The Inuit Art Foundation (IAF) is thrilled to announce that Ningiukulu Teevee has won the 2023 Kenojuak Ashevak Memorial Award (KAMA), a biennial prize that celebrates and supports Inuit artists by facilitating opportunities for artistic development and career growth.
Based in Kinngait (Cape Dorset), NU, the self-taught graphic artist was named winner of the $20,000 prize at a ceremony held at the Winnipeg Art Gallery (WAG)-Qaumajuq on September 22, coinciding with the opening of Gasoline Rainbows, the solo show of 2021 KAMA winner, multidisciplinary artist Tarralik Duffy. Dr. Heather Igloliorte, President of the Inuit Art Foundation Board of Directors, and Alysa Procida, Inuit Art Foundation Executive Director, co-presented the ceremony, with remarks from Dr. Stephen Borys, WAQ-Qaumajuq Director and CEO, and Rony Gravelines, Royal Bank of Canada Region Director for the North of 60 Division. The event was opened by WAG Board Member and throat singer Nikki Komaksiutiksak, who also performed alongside her daughter, Chasity Swan.
“It’s unbelievable. It’s really still sinking in—I think it's going to take time,” Teevee told the IAQ just prior to the ceremony. “It’s an honour to have been chosen.”
Teevee is highly regarded as a skillful storyteller, celebrated for her playful drawings and prints that reimagine traditional stories with contemporary flair. Her work has appeared in more than 40 global exhibitions, including 10 solo shows, and has been featured in every annual Cape Dorset Print Collection since 2004. Her debut 2009 children’s book, Alego, was shortlisted for the Governor General’s Literary Award for children’s illustration.
“Teevee has been producing storied, thoughtful, humorous and insightful works of art for nearly two decades, and for her many contributions to the graphic arts she richly deserves this recognition,” says Dr. Igloliorte. “She is an artist-storyteller of the highest caliber whose evocative prints and drawings have the power to transport viewers to familiar spaces and scenes in the North, whether she is picturing a pot of soup bubbling on the stove, or Inuit playing traditional games in the local gym.”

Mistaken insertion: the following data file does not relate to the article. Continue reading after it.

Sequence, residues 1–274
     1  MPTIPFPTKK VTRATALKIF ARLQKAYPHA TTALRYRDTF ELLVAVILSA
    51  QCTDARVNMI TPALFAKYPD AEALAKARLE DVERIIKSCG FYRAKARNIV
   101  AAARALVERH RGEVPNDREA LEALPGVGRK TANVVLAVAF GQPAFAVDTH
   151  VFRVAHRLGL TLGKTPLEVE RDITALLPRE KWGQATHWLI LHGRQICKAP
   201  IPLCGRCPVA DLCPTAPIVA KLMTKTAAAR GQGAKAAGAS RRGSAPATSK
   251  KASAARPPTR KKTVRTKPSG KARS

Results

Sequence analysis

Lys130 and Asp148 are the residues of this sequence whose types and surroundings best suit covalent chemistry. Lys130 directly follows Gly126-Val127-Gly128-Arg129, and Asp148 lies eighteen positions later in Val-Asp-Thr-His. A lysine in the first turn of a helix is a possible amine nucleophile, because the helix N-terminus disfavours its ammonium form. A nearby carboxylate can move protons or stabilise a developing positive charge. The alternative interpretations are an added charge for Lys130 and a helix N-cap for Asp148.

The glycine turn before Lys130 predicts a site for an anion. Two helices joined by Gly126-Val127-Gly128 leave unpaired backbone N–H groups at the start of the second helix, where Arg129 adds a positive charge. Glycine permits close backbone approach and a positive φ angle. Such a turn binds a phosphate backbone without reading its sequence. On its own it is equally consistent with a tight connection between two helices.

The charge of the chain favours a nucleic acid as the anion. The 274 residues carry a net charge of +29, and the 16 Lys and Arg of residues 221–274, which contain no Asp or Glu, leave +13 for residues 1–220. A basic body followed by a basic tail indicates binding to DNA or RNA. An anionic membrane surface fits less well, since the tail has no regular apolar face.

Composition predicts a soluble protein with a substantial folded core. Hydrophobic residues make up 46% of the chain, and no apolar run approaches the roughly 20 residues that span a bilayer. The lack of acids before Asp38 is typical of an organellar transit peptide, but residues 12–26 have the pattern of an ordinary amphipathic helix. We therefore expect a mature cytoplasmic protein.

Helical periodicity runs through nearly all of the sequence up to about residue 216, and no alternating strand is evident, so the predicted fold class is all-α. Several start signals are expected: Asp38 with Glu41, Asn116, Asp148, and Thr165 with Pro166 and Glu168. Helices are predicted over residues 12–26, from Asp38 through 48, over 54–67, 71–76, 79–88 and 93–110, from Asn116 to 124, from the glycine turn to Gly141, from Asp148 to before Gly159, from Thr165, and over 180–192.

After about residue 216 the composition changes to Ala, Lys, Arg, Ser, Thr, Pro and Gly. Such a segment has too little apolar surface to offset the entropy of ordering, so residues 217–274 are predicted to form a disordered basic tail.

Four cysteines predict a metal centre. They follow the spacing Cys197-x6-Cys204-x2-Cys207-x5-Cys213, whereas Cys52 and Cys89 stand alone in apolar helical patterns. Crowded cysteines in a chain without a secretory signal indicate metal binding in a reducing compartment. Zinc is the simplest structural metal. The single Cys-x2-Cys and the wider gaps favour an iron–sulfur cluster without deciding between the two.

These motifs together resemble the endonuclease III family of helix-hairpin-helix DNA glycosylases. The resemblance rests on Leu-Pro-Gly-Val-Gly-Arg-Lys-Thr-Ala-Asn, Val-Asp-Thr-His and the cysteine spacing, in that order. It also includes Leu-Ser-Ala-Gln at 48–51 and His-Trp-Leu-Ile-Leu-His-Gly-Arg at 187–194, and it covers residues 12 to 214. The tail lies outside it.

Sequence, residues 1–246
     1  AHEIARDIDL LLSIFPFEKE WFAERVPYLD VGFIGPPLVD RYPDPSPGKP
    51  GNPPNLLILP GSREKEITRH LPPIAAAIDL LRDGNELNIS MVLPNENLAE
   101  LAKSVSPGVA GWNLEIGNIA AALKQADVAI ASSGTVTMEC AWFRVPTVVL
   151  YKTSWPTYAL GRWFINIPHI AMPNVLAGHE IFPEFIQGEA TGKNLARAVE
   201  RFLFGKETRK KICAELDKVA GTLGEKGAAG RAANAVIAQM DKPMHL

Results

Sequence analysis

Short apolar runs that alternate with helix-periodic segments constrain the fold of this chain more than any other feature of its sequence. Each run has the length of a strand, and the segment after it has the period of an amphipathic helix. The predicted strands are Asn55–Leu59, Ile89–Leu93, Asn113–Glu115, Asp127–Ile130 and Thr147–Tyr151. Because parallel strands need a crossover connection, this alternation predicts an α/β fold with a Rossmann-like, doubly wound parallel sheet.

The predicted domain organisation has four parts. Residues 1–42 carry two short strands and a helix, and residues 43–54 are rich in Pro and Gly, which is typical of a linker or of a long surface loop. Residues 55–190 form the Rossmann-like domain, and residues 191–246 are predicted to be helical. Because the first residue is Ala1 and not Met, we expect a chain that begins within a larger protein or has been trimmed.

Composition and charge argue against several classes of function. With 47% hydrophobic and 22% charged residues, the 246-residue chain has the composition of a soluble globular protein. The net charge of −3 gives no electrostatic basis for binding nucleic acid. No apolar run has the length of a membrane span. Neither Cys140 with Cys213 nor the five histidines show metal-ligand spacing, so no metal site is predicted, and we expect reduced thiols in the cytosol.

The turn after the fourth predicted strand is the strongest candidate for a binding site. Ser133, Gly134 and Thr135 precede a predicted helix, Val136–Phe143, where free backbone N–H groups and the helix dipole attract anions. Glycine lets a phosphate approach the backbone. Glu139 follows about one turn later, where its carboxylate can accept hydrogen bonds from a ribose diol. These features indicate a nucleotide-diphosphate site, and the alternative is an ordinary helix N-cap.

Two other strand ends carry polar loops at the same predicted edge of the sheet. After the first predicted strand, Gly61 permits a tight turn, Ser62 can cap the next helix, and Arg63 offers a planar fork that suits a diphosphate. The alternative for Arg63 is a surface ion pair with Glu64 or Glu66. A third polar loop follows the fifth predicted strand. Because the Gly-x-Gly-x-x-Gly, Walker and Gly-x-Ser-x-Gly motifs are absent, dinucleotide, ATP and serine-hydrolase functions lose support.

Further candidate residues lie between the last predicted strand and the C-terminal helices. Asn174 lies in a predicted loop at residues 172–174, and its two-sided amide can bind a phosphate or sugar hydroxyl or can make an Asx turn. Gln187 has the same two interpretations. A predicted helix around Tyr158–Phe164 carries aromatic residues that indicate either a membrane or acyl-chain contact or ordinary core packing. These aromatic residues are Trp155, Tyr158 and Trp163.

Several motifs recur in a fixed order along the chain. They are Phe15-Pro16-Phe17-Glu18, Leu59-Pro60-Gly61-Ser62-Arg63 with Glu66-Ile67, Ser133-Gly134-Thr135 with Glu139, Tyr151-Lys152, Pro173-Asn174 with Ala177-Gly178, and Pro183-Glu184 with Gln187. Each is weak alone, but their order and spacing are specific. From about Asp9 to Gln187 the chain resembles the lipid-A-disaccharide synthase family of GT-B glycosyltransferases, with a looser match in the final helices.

Heather Campbell, Strategic Initiatives Director at the IAF, appreciates Teevee’s unique sense of composition. “Her use of pattern and line and how all of those elements come together is what makes her work so special,” says Campbell. “There is meaning behind it, but there's also beauty and other elements working together to create impactful images that invite your eye to move across the page.”
Ningiukulu Teevee Aiviq Tungujuqtaq (Blue Walrus) (2010) Printmaker Qiatsuq Niviaqsi Stonecut and stencil 62 x 76.4 cmREPRODUCED WITH PERMISSION DORSET FINE ARTS © THE ARTIST
Teevee was nominated for the award by Georgiana Uhlyarik, the Fredrik S. Eaton Curator, Canadian Art, and co-lead of the Department of Indigenous and Canadian Art at the Art Gallery of Ontario (AGO) in Toronto, ON. Uhlyarik recalls first seeing Teevee’s popular drawing, Aiviq Tungujuqtaq (Blue Walrus) (2010), on the cover of the Inuit Art Quarterly’s Winter 2014 issue. An exhibition of Teevee’s work, Ningiukulu Teevee: Chronicles from the Curious, ran at the AGO earlier this year from January 14–May 11.
“[Teevee] has such a distinctive drawing style and she often revisits certain subjects and things she's really interested in, like walruses and owls, so when you see them they are so absolutely her,” Uhlyarik told the IAQ in July.
Uhlyarik also commends Teevee for the fulsomeness of her imagery. “There is so much in each one of Ning’s images. With very few lines or colours, or even shapes, she captures a whole world or event in an immediate way,” observes Uhlyarik. “She always puts in something that another Inuk can recognize and they know that it is for them. You are attracted by her striking images and composition, but then the more time you spend with each work, you realize that she's also giving you this narrative.”
Igloliorte echoes in her praise: “Her vividly patterned and textured animal and human portraits are particularly sublime, especially when depicting mischievous transformations between human and animal forms on the nuna.”